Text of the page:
It also frustrates what the average YouTube viewer wants out of a music video: it demands your full attention. If you just wanted to place to the song in the background of another activity, you’re better off choosing another video.

Mandler has made fewer videos in 2013 than in previous years, spending a lot of last year completing ad campaigns like Ray Liotta’s wordless 1800 Tequila spots and the Cadillac “Dinner Party” campaign instead, which have become part of his canon. Looking at Mandler’s 2013 retrospectively, particularly his work for The Weeknd, Jay-Z, and Lana Del Rey, certain themes and aesthetic concerns start to become obvious. They deal with idolatry and worship in a way that Mandler says is “more crooked than straight.” They focus on what we put on pedestals—pop culture icons, lost lovers, fame in the abstract—and how those things are both necessary and destructive. This is a duality Mandler’s fascinated with, using as inspiration both the conflicted antiheroes of gritty 1970s New Hollywood films—“where everything started breaking down, as our system was lying to us and castles were crumbling”—and today’s young pop stars.

“I think that we live in a very interesting time when it comes to our idols,” Mandler says. “One minute you see Miley Cyrus twerking onstage, looking horrific, and the next minute she’s on the red carpet and looks incredible, and she’s a finalist for Time’s ten most influential people, or, you know, one minute Rihanna seems to be flailing and completely out of control, and the next she’s breaking records left and right and looks flawless. Our matinee idols are very conflicted versus past eras, where they had to have this veneer of perfection. Opening that up and seeing the faults in the people we idolize will shift culture, because we accept people’s highs and lows and therefore we start to accept our own.”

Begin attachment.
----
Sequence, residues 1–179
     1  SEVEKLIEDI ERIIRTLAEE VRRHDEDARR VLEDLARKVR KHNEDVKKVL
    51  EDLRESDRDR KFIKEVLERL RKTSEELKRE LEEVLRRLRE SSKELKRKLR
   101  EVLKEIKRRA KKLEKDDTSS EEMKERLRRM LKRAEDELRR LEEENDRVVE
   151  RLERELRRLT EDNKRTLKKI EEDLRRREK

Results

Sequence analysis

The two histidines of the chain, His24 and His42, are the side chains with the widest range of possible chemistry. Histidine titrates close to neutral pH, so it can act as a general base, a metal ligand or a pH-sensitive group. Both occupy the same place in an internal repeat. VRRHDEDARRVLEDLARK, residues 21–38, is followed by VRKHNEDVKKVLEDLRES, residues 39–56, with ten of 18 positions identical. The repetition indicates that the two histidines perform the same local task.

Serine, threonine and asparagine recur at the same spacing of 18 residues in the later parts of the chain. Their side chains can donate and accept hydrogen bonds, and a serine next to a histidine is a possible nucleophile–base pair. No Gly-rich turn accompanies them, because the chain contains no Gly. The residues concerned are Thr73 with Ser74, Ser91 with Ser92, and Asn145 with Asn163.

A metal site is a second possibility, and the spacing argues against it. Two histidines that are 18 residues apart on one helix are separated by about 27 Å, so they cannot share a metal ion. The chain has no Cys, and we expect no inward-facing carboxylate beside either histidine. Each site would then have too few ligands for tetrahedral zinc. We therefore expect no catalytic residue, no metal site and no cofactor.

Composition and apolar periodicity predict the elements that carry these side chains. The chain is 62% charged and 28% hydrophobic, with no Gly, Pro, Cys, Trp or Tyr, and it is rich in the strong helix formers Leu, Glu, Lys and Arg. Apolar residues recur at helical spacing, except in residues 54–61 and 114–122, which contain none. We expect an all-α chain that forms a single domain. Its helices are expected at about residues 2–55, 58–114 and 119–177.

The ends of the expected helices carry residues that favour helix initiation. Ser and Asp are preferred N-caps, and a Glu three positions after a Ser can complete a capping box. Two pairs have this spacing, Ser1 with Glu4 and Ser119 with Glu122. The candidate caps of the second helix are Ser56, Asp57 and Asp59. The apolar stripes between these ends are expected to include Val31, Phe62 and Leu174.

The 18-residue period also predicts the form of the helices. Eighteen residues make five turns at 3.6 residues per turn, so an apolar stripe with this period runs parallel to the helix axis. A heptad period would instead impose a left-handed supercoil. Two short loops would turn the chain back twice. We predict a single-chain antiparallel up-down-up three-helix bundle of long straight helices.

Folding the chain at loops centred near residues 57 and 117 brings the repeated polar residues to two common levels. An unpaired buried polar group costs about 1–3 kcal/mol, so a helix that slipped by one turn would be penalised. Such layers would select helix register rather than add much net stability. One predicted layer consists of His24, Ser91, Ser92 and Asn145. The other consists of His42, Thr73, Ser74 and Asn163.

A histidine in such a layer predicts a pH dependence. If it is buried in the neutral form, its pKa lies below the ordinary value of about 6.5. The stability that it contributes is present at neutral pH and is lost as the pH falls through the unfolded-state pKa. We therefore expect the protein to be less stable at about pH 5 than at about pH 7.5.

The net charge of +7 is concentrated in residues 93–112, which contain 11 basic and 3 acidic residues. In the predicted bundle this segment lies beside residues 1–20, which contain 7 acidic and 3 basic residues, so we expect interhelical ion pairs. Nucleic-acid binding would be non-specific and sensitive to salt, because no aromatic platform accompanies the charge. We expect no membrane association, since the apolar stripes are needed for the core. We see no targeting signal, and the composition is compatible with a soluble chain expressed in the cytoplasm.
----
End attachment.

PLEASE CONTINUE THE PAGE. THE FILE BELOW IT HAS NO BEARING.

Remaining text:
These dualities and the cracking of idols’ veneers culminates in Lana Del Rey’s Tropico, a 30-minute musical including three songs off her Born To Die album, which also seems like the final part of a trilogy that includes last year’s “National Anthem” and “Ride” videos, also directed by Mandler. Stuffed with both Mandler’s and Del Rey’s own obsessions, it features John Wayne and East L.A., strippers and the Garden of Eden. The visual world the director and his muse have together created has been as instrumental as the music itself in understanding the way Del Rey’s work deals with the American myth, feminine sexuality, and the way those are wrapped up in race and class.

Excessive, contradictory, and surreal, Tropico, and all of Mandler’s recent work is meant to exist in a new music video ecosystem that Mandler himself helped usher in, where music videos bleed beyond the edges of the VEVO channel, or even the laptop or telephone screen. They’re pieces designed to be talked about or retweeted, to be obsessed over for a month and then forgotten. Mandler realizes he has to walk several different lines.

“That’s what you want, right? How do we spark controversy but still entertain people? I think with Tropico, or all the Lana pieces, we asked, ‘how do we invoke conversations but still entertain?’ There’s some people that just want to be mesmerized and taken by the work and there’s other people that want to be a little more theoretical about it and have a conversation piece. I think a great video does both.”

As Mandler moves into feature films—Tokyo Vice, starring Daniel Radcliffe, begins shooting in 2014—the lessons he’s learned from his music and commercial work about capturing distracted audiences and finding unexpected or provocative ways to tell stories can, if nothing else, give us something new to talk about. Lucky for him, he’d want nothing more.